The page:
cs icon 70

logo3medium

 

costaBy Matt Costa, Head Coach, John F. Kennedy High School (CA)


Discover how a few small changes can keep spread offenses guessing while allowing your players to play fast. Coach Costa breaks it all down here.

 



By Matt Costa

Head Coach

John F. Kennedy High School (CA)

  

Insiders members login here and read the full-length version of this report.

 

 

Introduction

costaAt Kennedy, our overall defensive philosophy is simple, “Less is More.” This is not a new philosophy and, for sure, it is not something dynamic. To put in more descriptive terms, we are a defense that is 4-2-5 in personnel, but a mix of College 4-3, Stack 4-4, and Split 4-4 in concepts. Below are a few basics in the set-up of our defense. 

We try to minimize thought process by minimizing moving parts. We do this by having only one strength call. Our strength rules are as follows:

  • Number of most receivers
  • Versus a balanced formation we call strength to the field or the QB arm based on field position.

We also work to keep things simple for our players. This is done in a few different ways, with the most important being that we only have our players know one position. We also only run 4 coverages, 4 base fronts, and a combination of plug blitzes and some 6-7 man pressures.

Our Spread Defense Philosophy

We believe that cover 3 is the easiest and most effective coverage to teach and that means more experience and faster play. We work to stay in cover 3 against everything unless game plan and pressure scheme calls for it. While some will argue this is too predictable, we have found that the best way to counter that is with reps and players that are playing fast.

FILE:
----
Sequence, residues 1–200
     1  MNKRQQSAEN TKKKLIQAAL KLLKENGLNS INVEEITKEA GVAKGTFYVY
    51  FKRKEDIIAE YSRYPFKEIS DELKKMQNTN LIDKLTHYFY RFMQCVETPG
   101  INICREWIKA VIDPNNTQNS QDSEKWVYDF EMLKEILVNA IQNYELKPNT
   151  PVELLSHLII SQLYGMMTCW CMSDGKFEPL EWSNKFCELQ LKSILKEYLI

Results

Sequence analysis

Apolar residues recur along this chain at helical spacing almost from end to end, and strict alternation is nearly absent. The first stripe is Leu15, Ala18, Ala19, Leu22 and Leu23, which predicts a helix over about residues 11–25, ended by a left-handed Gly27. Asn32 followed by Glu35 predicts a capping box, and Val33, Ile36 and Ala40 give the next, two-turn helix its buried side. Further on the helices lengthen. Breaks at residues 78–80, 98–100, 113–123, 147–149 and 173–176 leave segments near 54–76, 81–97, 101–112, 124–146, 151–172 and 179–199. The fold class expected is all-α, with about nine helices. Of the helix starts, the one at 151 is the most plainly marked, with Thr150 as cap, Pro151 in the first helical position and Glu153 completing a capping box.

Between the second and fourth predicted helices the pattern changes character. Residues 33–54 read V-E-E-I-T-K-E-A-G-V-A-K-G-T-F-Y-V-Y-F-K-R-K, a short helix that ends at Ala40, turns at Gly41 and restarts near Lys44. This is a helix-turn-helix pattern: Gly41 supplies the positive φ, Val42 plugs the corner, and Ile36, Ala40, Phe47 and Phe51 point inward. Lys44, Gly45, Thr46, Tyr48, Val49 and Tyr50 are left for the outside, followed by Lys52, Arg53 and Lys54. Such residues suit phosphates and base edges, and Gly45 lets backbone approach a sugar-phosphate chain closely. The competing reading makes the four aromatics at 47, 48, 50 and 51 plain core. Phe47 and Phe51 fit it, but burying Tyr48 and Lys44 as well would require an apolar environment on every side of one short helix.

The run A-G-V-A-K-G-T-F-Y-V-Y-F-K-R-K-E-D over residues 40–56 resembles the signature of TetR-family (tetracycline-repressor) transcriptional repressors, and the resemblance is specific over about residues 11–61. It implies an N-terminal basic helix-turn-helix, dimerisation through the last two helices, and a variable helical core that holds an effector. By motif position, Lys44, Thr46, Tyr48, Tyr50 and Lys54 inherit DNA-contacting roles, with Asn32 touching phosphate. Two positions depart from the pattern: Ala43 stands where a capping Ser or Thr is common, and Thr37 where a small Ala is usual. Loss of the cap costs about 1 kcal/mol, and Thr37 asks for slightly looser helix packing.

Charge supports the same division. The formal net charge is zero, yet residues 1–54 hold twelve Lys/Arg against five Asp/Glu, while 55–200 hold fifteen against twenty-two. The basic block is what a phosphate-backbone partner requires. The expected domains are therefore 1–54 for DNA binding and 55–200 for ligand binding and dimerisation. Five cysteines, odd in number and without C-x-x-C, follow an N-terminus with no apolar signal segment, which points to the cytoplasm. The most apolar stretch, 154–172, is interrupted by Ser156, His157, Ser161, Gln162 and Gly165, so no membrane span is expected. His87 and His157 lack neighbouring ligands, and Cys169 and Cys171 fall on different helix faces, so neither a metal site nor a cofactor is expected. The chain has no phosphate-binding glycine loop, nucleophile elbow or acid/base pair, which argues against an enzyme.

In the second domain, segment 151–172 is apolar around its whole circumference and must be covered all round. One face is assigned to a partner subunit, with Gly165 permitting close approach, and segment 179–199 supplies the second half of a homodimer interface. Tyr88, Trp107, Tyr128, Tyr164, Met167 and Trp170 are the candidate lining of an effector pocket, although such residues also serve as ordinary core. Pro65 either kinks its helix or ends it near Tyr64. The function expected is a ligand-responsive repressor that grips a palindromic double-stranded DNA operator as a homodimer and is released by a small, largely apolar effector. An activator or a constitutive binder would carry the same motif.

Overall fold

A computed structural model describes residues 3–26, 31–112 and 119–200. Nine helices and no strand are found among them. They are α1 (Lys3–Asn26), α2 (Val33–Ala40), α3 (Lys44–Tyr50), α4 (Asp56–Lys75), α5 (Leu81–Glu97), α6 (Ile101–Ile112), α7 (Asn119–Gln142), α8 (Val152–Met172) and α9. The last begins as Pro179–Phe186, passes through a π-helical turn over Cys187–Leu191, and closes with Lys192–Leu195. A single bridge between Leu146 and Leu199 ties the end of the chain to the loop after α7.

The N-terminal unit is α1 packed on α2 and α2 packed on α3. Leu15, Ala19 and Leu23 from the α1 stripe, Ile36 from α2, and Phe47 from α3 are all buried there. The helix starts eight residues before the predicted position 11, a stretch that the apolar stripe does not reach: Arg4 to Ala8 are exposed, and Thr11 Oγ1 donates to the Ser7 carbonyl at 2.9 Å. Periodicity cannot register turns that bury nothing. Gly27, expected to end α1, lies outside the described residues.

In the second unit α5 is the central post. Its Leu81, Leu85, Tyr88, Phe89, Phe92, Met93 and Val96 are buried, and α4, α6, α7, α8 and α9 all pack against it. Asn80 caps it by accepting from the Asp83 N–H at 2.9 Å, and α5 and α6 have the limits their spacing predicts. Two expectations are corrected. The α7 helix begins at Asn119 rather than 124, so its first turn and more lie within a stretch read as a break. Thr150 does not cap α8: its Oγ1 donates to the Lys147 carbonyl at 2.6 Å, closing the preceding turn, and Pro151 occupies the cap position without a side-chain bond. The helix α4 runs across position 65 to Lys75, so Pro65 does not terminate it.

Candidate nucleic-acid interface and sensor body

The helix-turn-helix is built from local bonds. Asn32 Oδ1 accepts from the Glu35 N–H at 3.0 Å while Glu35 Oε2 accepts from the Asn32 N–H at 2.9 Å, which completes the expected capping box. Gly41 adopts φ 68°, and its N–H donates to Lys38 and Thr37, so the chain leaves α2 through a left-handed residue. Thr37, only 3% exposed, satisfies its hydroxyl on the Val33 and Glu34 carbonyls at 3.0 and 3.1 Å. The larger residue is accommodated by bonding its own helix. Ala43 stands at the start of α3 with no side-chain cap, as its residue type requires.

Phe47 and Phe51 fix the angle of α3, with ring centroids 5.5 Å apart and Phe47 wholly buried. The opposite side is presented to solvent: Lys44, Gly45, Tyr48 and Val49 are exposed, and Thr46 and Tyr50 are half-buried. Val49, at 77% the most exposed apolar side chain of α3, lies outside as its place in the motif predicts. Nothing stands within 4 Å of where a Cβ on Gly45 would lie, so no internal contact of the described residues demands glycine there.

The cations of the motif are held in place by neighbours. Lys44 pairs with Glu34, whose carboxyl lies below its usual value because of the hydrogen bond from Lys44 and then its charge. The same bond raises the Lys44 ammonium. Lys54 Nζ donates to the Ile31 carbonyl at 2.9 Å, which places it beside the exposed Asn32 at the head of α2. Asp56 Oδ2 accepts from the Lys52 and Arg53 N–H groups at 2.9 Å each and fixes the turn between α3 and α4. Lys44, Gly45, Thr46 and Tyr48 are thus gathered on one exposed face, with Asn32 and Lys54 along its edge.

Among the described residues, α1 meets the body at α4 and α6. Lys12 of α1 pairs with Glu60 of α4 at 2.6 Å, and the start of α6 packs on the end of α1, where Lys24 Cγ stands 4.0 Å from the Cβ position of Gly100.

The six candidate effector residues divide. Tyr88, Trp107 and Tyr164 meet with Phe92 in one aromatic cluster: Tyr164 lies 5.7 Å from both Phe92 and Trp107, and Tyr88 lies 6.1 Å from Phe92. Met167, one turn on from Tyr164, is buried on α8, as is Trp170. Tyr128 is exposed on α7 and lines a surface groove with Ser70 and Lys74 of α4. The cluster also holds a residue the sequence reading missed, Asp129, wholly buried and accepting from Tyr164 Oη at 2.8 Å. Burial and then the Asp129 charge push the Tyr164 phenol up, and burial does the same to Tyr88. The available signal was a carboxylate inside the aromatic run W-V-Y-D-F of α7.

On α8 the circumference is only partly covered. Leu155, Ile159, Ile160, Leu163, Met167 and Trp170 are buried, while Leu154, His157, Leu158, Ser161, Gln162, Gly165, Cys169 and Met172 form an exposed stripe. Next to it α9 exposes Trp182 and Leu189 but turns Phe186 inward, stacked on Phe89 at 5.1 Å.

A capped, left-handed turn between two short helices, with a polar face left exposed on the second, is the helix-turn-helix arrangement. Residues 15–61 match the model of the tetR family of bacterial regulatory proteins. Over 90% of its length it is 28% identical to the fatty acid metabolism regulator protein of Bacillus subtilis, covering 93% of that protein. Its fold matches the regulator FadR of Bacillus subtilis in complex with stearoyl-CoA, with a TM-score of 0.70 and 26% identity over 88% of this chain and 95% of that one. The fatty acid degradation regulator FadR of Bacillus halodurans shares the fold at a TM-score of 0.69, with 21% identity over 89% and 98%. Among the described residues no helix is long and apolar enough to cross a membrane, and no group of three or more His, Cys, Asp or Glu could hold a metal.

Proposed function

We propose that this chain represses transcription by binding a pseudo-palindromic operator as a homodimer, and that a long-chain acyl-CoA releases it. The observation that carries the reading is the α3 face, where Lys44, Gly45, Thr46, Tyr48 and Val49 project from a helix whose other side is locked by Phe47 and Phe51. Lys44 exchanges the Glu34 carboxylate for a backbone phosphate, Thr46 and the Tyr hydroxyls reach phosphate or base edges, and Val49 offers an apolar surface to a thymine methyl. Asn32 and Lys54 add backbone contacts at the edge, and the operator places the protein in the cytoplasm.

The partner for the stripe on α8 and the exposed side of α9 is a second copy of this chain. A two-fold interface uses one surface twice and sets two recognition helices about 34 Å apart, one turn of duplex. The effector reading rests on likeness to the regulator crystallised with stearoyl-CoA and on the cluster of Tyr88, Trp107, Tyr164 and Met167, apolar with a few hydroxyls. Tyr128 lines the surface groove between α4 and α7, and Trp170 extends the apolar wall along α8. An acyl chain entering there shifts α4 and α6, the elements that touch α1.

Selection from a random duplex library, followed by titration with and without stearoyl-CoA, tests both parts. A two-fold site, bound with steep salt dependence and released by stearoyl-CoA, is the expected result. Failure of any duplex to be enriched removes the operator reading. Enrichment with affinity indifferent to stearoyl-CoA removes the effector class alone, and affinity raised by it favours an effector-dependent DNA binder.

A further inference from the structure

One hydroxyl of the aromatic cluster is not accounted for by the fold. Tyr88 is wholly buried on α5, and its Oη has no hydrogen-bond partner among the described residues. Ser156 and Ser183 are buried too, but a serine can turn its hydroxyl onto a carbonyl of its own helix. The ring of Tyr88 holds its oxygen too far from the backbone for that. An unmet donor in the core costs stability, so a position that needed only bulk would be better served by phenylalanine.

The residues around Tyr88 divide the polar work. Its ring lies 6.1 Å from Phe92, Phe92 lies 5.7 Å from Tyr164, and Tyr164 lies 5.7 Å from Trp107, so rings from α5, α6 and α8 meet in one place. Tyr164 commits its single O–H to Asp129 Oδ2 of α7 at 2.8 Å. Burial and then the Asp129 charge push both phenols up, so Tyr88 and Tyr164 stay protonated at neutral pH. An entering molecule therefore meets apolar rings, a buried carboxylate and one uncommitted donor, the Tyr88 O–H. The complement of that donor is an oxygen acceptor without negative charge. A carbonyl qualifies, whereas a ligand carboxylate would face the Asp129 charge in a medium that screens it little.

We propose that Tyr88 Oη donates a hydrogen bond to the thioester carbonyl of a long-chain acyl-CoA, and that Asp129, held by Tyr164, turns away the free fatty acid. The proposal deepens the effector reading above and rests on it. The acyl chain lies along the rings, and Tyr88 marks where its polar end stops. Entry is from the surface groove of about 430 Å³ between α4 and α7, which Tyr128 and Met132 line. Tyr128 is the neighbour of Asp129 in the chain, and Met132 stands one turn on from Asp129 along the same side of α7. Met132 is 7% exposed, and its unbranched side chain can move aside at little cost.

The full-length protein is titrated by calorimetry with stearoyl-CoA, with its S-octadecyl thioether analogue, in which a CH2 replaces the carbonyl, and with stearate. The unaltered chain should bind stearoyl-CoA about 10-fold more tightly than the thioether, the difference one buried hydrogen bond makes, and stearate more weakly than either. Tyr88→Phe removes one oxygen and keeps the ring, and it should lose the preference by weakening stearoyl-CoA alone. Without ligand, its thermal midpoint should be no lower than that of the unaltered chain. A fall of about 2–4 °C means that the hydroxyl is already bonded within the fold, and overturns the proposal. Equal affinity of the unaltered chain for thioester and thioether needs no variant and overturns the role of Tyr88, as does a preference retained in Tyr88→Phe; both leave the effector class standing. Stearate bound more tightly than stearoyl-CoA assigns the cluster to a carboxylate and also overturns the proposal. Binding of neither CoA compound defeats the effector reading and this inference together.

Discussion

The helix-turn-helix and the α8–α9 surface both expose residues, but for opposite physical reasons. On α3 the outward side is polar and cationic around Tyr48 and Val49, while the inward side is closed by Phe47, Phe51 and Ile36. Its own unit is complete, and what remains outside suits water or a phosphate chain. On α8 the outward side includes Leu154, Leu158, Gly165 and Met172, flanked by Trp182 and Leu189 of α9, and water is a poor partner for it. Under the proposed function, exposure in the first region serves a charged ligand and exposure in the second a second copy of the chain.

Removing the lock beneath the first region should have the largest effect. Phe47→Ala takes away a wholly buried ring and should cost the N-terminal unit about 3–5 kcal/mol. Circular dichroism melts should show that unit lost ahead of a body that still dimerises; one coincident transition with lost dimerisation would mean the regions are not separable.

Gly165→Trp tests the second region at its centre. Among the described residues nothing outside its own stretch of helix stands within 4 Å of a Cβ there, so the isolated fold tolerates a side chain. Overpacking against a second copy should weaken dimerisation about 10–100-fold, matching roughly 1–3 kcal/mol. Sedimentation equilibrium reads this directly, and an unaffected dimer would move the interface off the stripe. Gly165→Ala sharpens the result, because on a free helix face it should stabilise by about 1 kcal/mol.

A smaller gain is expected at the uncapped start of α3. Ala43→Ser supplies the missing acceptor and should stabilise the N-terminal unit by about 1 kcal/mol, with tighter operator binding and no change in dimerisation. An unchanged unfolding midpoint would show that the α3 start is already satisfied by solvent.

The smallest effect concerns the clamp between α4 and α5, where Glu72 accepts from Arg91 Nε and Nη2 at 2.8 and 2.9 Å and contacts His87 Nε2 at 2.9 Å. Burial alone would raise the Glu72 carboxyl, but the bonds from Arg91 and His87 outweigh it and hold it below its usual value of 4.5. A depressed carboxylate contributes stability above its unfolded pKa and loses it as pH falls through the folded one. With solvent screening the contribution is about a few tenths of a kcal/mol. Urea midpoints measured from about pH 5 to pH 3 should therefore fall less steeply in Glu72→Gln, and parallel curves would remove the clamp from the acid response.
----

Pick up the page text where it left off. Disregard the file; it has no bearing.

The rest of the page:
When playing spread teams, I like to start by making small adjustments to your base coverage. This will then allow you to focus on beating them up front, which research says is the most effective place to beat the spread. Most spread teams that we face either run Big On Big or Slide Protection. By dissecting the protection scheme and attacking it, it allows us to get the Quarterback off his preferred launching spot. This, in turn, will lead to more incompletions and sacks. When attacking the spread at the line of scrimmage, we utilize plug blitzes and line stunts supplemented with the occasional Man Free and Cover 0 pressure scheme.

An added bonus of using the cover 3, plus its adjustments out of the 4-2-5, is when you do decide to send pressure you can disguise it by running a fire zone scheme or you can run a 6 man pressure and run cover 1 or cover 0 behind it comfortably because of the added bonus of already having five DBs on the field. We have found this philosophy to be very successful against the spread teams we face.

In this report I will discuss our cover 3, plus our “Falcon” and “Solo” adjustments. Then I will discuss our “Wanda” pressure and our “Plug” pressure, which in my opinion are our two best pressures we run against the spread.

Editor’s Note: X&O Labs’ Blitz Check Study illustrates the complete pressure check protocols coaches are using to put their players in the right pressures no matter down or distance. Read the study here.

Cover 3:

Our cover 3 is our base coverage and the individual rules are as follows:

Mike and Will - Hook to Curl.

Both Mike and Will start in a 20 alignment. He reads the guard to the back field triangle. If he gets a pass read, his eyes will go directly to his primary threat based on formation. He will work to the top of the Hook to Curl Zone.